So… I bought a Chromebook.

I’ve been wanting to get a laptop again for a while. With neighbour issues seeming to want to escalate I’ve wanted to be able to make a lot of what I do online as portable as possible. If I want to go into the bedroom and talk to people, or post on forums and such I should be able to, if only to get away from the problem temporarily. As much as I love having my Bluetooth keyboard and a tablet available, it’s not the same as having a laptop. I didn’t want to spend a lot of money on a laptop that has too much, but I was also painfully aware, thanks to tablets with keyboard attachments, that not spending enough and not doing enough research was going to hurt my purchasing in the long run.

I had been eyeing up a Chromebook for a while, purely because I spend almost all of the time I am not gaming, or video editing (i.e. things that I wouldn’t attempt on a laptop anyway) in Chrome in some way or another. Even when I’m in Discord it’s a version of Chrome with a few things attached. After doing research, it turned out that the cheapest Chromebook I could find was perfect for my needs; an Acer Chromebook 11 (2016).

I’ve not had a new laptop since mid-2010 when I bought from the first iterations of Dell’s Inspiron 1545, and the low-end version at that. That was six or seven years ago, and frankly I expected similar specs. I know that Linux and by extension ChromeOS would run on a lot of hardware (it was just about usable on my 2007 EeePC 901 with spinning HDD) and as such I expected the specs to be low to match. What I had missed was that with SSDs becoming cheaper to produce and more in demand thanks to the speed differences inherent in the design they remove a significant bottleneck in cheap notebooks at a decent price point. SSDs are no longer a gimmick in laptops; they are the norm.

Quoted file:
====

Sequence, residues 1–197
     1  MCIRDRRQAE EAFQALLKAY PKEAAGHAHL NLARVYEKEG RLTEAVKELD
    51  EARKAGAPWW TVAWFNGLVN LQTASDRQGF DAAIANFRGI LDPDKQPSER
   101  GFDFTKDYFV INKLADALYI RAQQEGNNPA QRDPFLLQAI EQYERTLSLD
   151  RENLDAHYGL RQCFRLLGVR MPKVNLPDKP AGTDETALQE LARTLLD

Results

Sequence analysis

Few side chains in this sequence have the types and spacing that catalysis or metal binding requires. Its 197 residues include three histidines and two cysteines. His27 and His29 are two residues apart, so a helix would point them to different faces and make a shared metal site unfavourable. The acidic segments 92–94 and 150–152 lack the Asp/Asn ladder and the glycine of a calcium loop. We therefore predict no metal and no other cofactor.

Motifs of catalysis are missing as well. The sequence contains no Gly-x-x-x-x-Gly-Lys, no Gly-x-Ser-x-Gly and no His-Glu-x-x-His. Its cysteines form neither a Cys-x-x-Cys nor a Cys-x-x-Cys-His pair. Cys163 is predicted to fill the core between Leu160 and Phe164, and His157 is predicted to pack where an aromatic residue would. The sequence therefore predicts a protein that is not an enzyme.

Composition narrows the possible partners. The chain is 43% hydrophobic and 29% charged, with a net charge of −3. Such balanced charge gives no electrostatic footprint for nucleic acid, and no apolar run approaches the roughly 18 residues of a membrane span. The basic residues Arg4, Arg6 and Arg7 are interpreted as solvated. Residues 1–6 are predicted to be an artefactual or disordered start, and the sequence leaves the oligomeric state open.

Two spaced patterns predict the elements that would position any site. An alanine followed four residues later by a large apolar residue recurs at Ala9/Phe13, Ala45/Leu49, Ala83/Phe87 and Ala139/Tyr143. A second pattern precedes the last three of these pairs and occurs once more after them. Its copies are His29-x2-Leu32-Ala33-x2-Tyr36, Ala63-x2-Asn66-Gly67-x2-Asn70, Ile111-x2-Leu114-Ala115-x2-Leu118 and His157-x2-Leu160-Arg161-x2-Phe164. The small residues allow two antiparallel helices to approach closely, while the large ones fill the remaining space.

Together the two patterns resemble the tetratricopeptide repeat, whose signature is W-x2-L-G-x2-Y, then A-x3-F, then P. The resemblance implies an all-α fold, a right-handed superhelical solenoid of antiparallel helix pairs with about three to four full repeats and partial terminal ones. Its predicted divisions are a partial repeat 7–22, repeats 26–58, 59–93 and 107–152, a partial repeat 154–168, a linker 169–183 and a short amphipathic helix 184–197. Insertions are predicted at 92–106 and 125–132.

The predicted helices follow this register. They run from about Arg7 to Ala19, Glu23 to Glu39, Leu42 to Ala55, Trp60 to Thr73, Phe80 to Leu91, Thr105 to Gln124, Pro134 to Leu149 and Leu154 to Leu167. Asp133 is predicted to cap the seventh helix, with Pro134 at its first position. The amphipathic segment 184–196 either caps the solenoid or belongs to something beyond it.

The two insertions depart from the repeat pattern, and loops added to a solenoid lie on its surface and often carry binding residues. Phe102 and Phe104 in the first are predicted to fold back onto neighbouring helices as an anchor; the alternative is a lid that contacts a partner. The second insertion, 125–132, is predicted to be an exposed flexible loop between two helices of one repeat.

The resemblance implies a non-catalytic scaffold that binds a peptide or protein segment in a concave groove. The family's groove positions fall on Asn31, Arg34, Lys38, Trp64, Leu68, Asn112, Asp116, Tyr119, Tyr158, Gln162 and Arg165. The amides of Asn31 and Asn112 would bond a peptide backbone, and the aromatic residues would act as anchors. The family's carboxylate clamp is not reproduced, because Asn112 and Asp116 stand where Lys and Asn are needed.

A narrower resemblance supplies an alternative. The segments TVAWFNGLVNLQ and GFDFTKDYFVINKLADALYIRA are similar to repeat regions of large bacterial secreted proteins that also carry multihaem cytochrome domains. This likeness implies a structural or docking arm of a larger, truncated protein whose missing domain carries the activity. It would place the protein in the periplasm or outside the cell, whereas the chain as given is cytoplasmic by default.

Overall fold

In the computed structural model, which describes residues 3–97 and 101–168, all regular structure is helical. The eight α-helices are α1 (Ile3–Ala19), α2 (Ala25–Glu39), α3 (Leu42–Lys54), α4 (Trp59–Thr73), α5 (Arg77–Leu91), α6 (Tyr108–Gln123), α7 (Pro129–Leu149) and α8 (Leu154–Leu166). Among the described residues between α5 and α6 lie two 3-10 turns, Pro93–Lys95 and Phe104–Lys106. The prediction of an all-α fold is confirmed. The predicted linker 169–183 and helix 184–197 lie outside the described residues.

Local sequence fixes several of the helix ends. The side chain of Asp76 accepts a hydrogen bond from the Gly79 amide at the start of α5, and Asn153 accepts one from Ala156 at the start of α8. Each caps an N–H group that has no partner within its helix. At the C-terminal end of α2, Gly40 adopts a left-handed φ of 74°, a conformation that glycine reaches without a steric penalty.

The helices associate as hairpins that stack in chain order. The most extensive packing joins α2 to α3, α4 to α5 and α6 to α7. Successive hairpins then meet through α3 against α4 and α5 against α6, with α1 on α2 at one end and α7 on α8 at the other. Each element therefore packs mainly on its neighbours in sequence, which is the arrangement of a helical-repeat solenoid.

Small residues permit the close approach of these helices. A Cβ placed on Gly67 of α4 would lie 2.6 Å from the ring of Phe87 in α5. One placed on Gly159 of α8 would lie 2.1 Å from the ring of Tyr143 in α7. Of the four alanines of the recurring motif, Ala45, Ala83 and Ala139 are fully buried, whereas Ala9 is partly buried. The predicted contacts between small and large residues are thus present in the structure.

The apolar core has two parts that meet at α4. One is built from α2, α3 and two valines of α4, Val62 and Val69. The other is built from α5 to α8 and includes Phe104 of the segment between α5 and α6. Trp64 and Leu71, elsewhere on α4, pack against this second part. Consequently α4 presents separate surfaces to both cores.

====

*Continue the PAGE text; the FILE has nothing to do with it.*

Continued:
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Pokémon Go – Niantic is killing the Golden Goose

I was in quite early on Pokémon GO (if only GO stood for Global Offensive) as far as the craze in the UK; I was the first that I knew of to sideload the files needed onto my new Nexus phone and was playing along with everyone else. I had a moment of total nostalgia when my parents got me Blue and I was one of the ‘in kids’. More of that is in this entry but my point is that I was on the bleeding edge and learning with everyone else. We learned how to catch, how the gyms worked and until everyone else had it, I felt like I was part of a club. Yes, a very nerdy club, but an exclusive club all the same.

I was ecstatic when the game finally hit the UK, despite the servers still being more unstable than your typical psychiatric patient, everyone was talking about it. I’ll even admit that GO was the tipping point for me to upgrade my four year old Nexus 4 to a Nexus 6P.

Nintendo’s stock went up by 30% to the point where it’s company value was higher than Sony’s, this despite Nintendo only licencing the assets and such to Niantic, a company under Google/Alphabet’s umbrella that developed the AR game Ingress prior to taking on GO.

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